Evan Lindberg: Neuroblastoma

June 3, 2003-October 22, 2010
Germantown, Maryland

A message from Wendy and Gavin Lindberg, Evan’s parents:

“Evan has a very rare, very aggressive pediatric cancer called neuroblastoma. There is no guarantee of success with any course of treatment. We will do the best we can, but you should prepare for a very long and difficult journey.”

Those were the words of the pediatric oncologist who diagnosed our only child Evan with stage IV neuroblastoma in 2006. Evan was three years old. The phrase “long and difficult journey” does not even begin to describe what Evan endured over the course of the next four years.

Neuroblastoma is a cancer of the sympathetic nervous system that primarily strikes young children before the age of 5. Approximately 700 cases a year are diagnosed in the U.S. Evan’s disease classification was the worst of the worst—stage IV, with amplification of the N-myc gene. Fewer than 40% of children with this specific diagnosis survive for longer than five years.

With the shock of diagnosis still overwhelming, we set out to find the treatment plan that would give Evan the best chance. We quickly learned that opinions varied widely on this subject, particularly among the experts. With no definitive cure, we were left to make the hard choices. We were constantly searching for the magic bullet that would put an end to our nightmare. Of course, there were no magic bullets, particularly after Evan relapsed less than a year into treatment.

Phase I and Phase II clinical trials became our standard of care as we tried to beat back Evan’s cancer while maintaining some quality of life. “Home” became one of three places: Children’s National Medical Center in Washington, D.C., Memorial Sloan-Kettering Cancer Center in New York and Children’s Hospital of Philadelphia. All totaled, Evan relapsed seven times, five of which were in the brain. Each time, he amazed us and his doctors with his resolve to keep going.

No child should ever have to endure what our son endured: seven surgeries, over 150 toxic chemotherapy treatments, 25 excruciatingly painful courses of immunotherapy, months of intense radiation therapy and an endless stream of CTs, MRIs, bone scans, blood draws, shots and other grueling procedures, all resulting in over 100 nights in the hospital. Pain, nausea and discomfort were constant companions. Toughness and resolve were Evan’s response.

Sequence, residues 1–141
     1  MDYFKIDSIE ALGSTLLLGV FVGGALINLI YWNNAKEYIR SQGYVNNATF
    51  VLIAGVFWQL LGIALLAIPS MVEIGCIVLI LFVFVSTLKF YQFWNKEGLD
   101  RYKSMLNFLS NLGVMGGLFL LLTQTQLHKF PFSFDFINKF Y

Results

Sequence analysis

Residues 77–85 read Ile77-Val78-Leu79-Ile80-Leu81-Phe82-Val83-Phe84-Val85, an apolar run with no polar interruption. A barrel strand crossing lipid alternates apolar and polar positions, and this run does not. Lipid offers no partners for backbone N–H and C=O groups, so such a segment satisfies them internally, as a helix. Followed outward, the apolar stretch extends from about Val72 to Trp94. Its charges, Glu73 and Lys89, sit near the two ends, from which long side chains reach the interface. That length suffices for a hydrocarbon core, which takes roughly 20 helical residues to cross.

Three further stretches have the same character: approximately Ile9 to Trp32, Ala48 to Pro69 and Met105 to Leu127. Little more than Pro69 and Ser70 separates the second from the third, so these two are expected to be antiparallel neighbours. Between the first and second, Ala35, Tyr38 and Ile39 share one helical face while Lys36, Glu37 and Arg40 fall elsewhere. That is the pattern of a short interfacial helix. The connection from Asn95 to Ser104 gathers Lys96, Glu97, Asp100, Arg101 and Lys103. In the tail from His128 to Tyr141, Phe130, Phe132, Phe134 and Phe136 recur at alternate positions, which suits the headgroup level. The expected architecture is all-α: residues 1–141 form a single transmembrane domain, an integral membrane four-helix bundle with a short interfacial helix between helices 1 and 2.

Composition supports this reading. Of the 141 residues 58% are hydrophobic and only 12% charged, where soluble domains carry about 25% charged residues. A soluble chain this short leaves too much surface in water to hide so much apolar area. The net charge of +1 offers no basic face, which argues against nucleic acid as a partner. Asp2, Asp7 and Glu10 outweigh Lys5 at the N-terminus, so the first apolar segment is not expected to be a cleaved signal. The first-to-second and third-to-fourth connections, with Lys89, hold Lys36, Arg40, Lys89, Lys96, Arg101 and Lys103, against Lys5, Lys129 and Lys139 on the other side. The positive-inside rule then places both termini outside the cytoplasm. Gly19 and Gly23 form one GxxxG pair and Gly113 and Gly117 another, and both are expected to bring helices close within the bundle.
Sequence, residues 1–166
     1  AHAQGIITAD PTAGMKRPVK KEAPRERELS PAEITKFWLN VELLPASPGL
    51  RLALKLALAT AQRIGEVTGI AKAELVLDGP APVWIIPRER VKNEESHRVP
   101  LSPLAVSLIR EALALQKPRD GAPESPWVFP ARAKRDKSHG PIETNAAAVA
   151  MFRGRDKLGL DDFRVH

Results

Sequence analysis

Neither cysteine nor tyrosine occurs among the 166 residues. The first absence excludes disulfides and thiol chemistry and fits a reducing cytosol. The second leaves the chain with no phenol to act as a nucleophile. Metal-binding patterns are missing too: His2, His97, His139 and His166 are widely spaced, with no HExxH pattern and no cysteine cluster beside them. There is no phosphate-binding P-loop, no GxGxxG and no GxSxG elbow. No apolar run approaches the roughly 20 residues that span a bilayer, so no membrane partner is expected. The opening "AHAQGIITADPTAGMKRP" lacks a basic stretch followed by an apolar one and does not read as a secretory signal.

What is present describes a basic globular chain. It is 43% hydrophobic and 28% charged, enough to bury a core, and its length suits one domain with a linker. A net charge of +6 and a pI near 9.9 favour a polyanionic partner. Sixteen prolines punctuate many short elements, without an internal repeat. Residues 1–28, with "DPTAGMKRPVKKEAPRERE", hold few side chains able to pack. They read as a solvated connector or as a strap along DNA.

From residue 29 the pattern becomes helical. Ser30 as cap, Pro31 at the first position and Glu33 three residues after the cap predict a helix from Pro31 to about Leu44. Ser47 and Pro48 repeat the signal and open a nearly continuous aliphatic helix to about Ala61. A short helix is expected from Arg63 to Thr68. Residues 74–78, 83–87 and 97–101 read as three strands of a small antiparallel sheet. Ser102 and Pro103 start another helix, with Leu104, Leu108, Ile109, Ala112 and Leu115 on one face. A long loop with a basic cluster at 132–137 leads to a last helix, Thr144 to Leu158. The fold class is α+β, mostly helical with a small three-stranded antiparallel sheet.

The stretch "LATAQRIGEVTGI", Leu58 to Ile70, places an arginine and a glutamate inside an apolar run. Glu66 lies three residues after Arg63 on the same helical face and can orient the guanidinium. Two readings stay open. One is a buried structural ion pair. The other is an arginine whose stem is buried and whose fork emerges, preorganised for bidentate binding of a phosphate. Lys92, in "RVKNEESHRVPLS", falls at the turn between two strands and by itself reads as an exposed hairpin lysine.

One treatment in particular stands out: 3F8, an immunotherapy that he received at Memorial Sloan-Kettering Cancer Center. “Controlled torture” is one way to describe this antibody treatment that left Evan screaming in pain for 30 minutes, until his “rescue” narcotics kicked-in and he passed out. The rest of the day was a mixture of lingering pain and lethargy until we returned the next morning to do it all again.

Evan’s story is important because it reminds us of the urgency that is needed in the fight against pediatric cancer. While five-year survival rates for children with cancer (age 0 to 14 years) approach 80%, there are certain pediatric cancers, such as neuroblastoma, where the survival rates are very poor. Therefore, we call on Congress to provide the resources necessary to the National Cancer Institute to remove cancer as the leading cause of death from disease among children.

Although we lost Evan to neuroblastoma in October of 2010, neuroblastoma did not define him. Neuroblastoma never stood a chance with Evan. He survives in the hearts of everyone he met. It is in Evan's memory that we have dedicated ourselves to finding better treatments and a cure for this devastating disease. To learn more, please visit Evan’s Victory Against Neuroblastoma Foundation, at www.theevanfoundation.org.

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